Monday, March 08, 2004

What do you entrust to trustees? 

You might think it's money, but not if you're at Harvard, which has students and workers insisting on using their endowment to protect staff jobs.
What would you do with $19 billion? Go on a permanent vacation? Buy an international space station? Cure cancer? Give full-tuition scholarships to the next ten classes of students? Or close two libraries and layoff employees?

If you chose the last option, then your name is probably Harvard.
I know this will be hard for people to understand who are not in academia, but I don't go to the library much any more as a professor. Most of what I need is available electronically and delivered to my desktop. Last night while working on the paper I should be finishing right now I needed a quote from a paper I read a year ago, which of course I could not remember exactly. Ten years ago, I would have driven across town to the library, gotten someone to take the journal off the shelf, copied it, have that person put it back on the shelf, driven home, typed it in. Today: I go to my library's website, open up the search engine to find the article I know I need, and there it is in full-text glory, cut and paste-able. Much quicker, more convenient, and no need for the person to fetch journals off the shelf.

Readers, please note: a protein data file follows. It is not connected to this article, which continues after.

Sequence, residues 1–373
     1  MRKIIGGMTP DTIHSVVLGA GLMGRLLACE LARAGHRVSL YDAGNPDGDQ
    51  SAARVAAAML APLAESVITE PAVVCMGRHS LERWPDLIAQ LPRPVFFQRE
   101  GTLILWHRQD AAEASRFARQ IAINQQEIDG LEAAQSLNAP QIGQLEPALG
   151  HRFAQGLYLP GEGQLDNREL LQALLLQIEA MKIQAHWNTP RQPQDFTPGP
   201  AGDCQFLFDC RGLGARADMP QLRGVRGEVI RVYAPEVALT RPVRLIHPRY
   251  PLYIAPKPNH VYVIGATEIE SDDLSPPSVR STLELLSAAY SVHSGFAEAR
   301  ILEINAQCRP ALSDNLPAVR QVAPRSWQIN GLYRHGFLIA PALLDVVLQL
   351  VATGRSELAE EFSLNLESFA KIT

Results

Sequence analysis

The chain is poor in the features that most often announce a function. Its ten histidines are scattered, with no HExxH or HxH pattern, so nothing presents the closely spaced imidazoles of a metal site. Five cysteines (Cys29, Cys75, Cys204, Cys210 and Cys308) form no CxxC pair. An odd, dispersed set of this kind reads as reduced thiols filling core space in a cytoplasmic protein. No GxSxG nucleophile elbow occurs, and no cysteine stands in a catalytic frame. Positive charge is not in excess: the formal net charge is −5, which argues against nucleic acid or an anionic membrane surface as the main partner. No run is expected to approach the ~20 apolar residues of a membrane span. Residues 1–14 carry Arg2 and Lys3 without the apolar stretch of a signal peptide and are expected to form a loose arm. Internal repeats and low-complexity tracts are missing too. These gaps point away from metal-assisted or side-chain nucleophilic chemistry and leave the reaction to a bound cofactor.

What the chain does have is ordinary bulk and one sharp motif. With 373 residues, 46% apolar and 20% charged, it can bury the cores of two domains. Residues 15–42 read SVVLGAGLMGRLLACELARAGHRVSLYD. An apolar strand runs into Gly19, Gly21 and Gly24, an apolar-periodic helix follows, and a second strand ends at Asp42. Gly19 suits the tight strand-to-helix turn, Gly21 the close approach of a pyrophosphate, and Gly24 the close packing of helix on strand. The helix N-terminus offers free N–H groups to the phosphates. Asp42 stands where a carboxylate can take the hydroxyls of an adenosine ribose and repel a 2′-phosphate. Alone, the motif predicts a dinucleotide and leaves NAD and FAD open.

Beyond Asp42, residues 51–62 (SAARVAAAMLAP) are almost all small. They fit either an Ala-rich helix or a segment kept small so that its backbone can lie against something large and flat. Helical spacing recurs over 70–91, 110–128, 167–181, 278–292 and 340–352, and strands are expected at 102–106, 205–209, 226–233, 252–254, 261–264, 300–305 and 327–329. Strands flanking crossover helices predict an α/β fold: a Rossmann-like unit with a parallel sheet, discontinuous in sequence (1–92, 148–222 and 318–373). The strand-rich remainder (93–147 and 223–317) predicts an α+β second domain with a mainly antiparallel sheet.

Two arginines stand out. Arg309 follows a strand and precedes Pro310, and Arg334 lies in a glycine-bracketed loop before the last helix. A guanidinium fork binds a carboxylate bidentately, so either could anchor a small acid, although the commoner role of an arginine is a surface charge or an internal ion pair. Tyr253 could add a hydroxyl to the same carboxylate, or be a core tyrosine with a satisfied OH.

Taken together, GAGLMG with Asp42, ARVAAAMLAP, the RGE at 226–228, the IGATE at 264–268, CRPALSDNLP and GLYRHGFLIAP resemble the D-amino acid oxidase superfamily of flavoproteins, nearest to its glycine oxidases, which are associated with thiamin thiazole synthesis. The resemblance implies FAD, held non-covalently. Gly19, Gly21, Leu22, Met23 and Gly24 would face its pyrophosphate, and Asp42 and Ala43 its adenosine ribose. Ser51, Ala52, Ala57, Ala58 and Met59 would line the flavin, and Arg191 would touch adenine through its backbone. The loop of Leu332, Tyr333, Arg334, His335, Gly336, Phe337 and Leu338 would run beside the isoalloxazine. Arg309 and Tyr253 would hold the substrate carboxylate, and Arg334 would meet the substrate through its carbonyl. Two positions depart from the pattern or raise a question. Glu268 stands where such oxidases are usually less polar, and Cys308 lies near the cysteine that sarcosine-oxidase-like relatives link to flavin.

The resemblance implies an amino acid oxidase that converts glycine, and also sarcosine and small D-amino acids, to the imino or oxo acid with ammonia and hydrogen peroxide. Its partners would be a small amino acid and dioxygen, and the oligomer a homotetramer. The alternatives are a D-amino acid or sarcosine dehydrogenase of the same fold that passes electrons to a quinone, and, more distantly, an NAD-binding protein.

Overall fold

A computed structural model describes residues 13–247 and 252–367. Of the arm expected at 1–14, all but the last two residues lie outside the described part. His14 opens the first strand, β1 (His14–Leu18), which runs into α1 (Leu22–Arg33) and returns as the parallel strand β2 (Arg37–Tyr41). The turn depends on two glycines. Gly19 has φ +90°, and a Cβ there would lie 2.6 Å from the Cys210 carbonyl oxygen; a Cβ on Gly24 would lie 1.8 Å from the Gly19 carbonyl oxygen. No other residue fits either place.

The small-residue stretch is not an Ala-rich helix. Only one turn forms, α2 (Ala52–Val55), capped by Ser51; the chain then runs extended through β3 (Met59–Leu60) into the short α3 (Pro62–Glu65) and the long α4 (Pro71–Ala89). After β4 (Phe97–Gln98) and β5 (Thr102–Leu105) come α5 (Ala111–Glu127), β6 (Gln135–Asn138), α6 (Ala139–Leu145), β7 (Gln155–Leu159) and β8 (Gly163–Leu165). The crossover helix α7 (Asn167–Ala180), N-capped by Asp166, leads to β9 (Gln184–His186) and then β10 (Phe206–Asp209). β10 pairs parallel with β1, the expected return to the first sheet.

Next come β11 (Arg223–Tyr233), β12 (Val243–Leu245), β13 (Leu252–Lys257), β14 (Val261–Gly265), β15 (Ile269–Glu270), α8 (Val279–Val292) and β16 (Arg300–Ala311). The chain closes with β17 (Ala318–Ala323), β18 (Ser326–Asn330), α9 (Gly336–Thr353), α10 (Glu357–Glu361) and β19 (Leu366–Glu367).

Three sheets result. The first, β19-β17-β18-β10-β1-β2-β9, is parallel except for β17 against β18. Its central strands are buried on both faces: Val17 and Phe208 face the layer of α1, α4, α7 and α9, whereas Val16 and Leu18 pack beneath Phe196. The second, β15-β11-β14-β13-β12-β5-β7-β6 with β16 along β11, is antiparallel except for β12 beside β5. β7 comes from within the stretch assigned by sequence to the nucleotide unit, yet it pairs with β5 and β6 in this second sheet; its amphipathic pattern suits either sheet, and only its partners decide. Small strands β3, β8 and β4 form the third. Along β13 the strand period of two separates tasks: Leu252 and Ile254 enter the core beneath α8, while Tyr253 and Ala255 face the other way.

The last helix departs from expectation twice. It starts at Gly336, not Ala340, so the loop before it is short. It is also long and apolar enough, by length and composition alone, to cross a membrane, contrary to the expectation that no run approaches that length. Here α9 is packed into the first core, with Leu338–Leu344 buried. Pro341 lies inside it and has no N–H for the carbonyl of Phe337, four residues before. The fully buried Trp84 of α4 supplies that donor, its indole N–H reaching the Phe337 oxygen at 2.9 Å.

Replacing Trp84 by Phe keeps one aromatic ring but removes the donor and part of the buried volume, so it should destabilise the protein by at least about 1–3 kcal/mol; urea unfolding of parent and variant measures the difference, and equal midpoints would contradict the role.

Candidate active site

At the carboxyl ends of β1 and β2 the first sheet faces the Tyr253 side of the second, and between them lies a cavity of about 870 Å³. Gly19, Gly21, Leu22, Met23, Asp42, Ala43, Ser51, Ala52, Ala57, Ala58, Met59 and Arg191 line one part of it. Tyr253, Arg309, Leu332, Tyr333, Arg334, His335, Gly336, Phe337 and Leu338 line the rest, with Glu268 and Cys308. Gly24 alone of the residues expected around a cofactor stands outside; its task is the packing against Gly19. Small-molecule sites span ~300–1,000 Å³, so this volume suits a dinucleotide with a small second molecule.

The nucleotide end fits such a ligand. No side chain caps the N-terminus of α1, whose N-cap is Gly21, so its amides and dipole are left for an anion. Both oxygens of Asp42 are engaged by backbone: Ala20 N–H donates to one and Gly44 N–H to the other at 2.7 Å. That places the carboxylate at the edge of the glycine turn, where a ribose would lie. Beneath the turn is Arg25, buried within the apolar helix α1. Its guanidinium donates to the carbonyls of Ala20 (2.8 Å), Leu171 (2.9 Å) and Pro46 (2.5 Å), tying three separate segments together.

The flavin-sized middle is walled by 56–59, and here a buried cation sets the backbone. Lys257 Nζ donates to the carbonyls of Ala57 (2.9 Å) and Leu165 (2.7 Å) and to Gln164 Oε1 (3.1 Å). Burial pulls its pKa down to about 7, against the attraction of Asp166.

I say this in part to praise our own library, which I think does by and large a great job. And they have a new building, and the building is wonderful too. But. Places where technology have made great inroads mean productivity shoots up, and where demand hasn't shifted out too much, you are going to be able to substitute for some labor. Harvard may be making a very efficient use of its endowment, which you would think is what the donors had in mind when they gave to the alumni fund.